Recently, a colleague of mine passed me a fantastic article she stumbled across in the course of some archival research. Titled "Modern Fashions in Tattooing", it's from Vanity Fair, dated January 1926 (pp 43, 110). In its opening paragraph, the author confidently exclaims the; very same sentiment we saw only last month in The Guardian:

"Tattooing has passed from the savage to the sailor, from the sailor to the landsman. It has since percolated through the entire social stratum; tattooing has received its credentials, and may now be found beneath many a tailored shirt."

Even by 1926, magazines were announcing to their readers that tattoos were now popular amongst people like them. And these were not small flash designs either - the article reports large chest pieces, backpieces and designs artistically rendered to the desires of each individual client. It talks about re-works and cover-ups, and tattooing kings and queens. The article even mentions an old-salt tattoo artist called Professor Sharkey, bemoaning the good old days when tattooing was "art for art's sake" and not some modern fad. "It's too bad to have to tattoo diving-girls and Venus rising from the sea when you have it in you to do things like these," he says, gesturing at his collection of rare prints.

Tattooists, it seems, like tabloid journalists, have always stuck to the script.

* Dr Matt Lodder recently completed his PhD thesis in art history at the University of Reading. His research applies art-historical and art-theoretical methodologies to tattooing and other forms of body art. For more about his research, click here. Matt is on Twitter and can be contacted directly via mattlodder at hotmail dotcom.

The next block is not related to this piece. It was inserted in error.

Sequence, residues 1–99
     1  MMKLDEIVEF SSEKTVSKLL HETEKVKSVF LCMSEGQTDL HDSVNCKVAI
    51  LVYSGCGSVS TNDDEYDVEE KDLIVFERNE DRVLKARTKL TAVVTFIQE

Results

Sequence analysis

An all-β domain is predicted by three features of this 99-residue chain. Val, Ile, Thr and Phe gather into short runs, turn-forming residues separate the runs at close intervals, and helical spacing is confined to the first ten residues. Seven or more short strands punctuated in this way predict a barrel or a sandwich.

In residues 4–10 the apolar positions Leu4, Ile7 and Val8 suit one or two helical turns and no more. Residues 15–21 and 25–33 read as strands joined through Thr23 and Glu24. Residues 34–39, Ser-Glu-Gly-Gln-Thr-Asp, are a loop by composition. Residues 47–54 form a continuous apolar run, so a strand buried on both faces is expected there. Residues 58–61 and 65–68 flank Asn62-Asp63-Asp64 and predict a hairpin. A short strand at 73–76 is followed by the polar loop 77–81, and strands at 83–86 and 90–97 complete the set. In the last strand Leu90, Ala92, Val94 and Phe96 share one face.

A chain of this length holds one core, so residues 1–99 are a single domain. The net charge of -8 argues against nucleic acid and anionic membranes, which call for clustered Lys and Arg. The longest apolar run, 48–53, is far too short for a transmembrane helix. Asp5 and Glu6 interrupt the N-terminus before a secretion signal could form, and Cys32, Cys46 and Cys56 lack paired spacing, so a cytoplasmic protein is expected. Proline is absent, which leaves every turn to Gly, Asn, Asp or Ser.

what a great post, I love this blog for its sensitive attention to history. As a student of history, I've found that the past is so much more varied and nuanced than we'd like to believe and also that people really haven't changed in terms of their desires and motives. And as a lover of fashion, I've come to think it only moves in one direction: reverse
I've read a bit about early victorian trends for tattoos and piercings amongst wealthy, powerful europeans and americans (male and female) as a means of showing off how travelled and cultured they were amongst elite circles.
The association with tattoos and seedy underbelly, I've read, had a lot to do with the late 19th century practice of phrenology, a quack "science" which correlated physical features with moral traits (basically a way to legitimize racism). Many phrenologists claimed criminals actually lacked an ability to feel pain, hence why they committed violent crimes and had a propensity for tattoos.